Miebo, a therapeutic drop recently approved for the treatment of evaporative dry eye, consists of 100% perfluorohexyloctane demonstrated in clinical studies to have beneficial effects for patients with evaporative DED8 and meibomian gland dysfunction.9 As 100% perfluorohexyloctane is a nonaqueous liquid, microbial growth is not possible and, therefore, it does not need a preservative.
Perfluorohexyocltane spreads rapidly across the ocular surface because of its low surface tension; it also causes minimal visual disturbances compared with gel- or ointment-based therapies because its refractive index is similar to that of water.10 Additionally, a randomized phase 3 Gobi clinical trial provided statistically significant, meaningful evidence of a reduction in signs and symptoms of DED during 8 weeks of treatment with perfluorohexyloctane compared to patients treated with saline.11 It has been proposed that F6H8 could prevent increased evaporation caused by DED by forming an occlusive layer and reducing the shear forces of the eyelid during blinking.9,10 In addition to preventing evaporation, F6H8 may facilitate heat exchange between corneal tissue and the environment, thereby reducing corneal temperature and activating TRPM8 (transient receptor potential cation channel subfamily M [melastatin] member 8), cold-thermosensitive channels of cold thermoreceptor nerves TRPM8 is also known as the cold and menthol receptor 1 (CMR1) and is a protein that is encoded by the TRPM8 gene; the TRPM8 channel is the primary molecular transducer of cold somatosensation in humans. In turn, the increased activity of corneal cold nerves leads to an increase in tearing and the blinking rate; however, it does not evoke a response of ocular discomfort.12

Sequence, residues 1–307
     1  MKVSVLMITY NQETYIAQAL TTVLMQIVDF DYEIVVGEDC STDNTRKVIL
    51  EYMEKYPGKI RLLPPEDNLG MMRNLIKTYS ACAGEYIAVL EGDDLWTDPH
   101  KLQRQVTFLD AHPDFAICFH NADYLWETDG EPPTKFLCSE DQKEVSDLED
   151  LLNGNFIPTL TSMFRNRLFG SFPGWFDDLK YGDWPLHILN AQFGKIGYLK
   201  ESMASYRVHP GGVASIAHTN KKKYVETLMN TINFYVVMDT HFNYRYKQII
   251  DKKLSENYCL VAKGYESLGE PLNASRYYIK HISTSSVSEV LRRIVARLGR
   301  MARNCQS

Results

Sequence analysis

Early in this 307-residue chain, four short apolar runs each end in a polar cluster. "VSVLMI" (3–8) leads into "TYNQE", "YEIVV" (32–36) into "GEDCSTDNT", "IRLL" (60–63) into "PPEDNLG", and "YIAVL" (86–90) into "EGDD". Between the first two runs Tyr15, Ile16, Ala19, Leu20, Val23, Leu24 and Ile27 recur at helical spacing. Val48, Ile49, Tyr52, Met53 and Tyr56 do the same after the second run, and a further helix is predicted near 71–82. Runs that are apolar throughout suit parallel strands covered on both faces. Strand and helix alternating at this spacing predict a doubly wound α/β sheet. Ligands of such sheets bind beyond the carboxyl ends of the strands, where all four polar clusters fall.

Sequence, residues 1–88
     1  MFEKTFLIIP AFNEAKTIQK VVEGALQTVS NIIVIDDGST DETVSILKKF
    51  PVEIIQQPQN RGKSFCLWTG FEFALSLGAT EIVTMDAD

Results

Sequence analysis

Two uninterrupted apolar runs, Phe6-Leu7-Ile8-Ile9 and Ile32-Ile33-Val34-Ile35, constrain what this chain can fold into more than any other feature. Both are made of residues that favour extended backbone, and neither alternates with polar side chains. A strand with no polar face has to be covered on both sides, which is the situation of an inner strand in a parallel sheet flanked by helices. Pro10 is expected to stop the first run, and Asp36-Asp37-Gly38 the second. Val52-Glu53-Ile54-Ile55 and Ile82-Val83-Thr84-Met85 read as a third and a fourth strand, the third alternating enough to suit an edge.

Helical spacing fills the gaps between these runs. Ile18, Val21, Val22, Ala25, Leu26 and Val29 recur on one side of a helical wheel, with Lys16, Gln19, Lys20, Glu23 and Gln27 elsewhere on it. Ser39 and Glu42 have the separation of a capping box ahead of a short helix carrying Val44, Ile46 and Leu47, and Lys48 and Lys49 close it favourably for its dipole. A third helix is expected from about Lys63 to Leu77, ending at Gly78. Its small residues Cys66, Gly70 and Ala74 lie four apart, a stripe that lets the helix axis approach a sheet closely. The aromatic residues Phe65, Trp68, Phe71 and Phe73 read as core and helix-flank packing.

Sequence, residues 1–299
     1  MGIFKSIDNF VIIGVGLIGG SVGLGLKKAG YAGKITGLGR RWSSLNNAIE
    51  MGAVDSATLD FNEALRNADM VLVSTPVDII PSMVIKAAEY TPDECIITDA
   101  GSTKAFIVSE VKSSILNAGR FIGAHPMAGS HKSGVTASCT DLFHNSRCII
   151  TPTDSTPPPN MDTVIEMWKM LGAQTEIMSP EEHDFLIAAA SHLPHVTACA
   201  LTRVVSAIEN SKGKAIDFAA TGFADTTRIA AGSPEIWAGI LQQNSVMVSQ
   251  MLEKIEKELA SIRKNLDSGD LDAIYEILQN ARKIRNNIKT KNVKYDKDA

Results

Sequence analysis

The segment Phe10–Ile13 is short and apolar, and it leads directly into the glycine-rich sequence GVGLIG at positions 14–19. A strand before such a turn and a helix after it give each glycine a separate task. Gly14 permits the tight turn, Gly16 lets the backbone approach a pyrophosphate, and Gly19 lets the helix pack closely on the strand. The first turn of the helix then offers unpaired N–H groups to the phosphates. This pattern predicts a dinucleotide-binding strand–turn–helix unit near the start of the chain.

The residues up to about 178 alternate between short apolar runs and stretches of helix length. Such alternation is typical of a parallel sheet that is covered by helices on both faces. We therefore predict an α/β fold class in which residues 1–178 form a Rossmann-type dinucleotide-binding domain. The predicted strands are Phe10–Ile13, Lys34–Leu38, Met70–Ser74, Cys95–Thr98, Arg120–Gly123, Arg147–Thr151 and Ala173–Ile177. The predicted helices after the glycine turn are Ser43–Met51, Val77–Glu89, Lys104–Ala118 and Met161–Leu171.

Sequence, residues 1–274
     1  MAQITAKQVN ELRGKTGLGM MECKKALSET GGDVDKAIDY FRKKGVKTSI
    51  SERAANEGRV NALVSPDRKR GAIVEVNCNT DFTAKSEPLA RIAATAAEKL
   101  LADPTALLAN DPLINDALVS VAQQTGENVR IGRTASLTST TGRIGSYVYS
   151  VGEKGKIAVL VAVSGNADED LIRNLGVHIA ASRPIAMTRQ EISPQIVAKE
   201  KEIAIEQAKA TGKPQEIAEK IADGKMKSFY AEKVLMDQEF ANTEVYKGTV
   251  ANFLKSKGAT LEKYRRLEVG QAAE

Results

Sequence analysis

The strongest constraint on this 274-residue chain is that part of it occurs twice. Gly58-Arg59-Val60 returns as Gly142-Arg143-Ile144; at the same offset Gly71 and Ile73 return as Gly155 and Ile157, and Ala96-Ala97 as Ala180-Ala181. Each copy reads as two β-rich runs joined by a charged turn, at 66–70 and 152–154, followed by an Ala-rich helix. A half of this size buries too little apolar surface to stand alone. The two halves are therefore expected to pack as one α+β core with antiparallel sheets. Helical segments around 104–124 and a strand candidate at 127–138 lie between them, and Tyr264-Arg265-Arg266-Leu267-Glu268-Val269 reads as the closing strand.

SFAs can also be effective as a topical drug carrier, for example, for cyclosporine and azithromycin, to the ocular surface.13,14 Advantages of SFA formulations, particularly for proteins and antibodies, include ready-to-use eye drops with improved stability at room temperature, as well as enhanced drug uptake. For the cornea, for example, the SFA suspended particles deliver high local drug concentration and increased residence time.
SFAs hold promise for topical drug delivery to skin that is notably challenging because skin penetration is enhanced with SFAs. It is suggested that the enhancement can be explained by an increasing occlusion effect with SFA content of the nanoemulsion and, thus, the promotion of penetration into the skin.15 Occlusion reduces the evaporation of water of the skin, necessary for skin penetration, and therefore promotes penetration of active substances into the skin.16
SFAs have likewise been investigated in intravenous drug delivery, pulmonary drug delivery and protein drug delivery.17-19 The low viscosity of SFAs makes them promising options as carriers for powder suspensions.19
With their ability to carry oxygen,17 the potential for SFAs lends new possibilities to the treatment of multiple system disorders including exciting pathways for innovative drug development for maladies beyond the eye.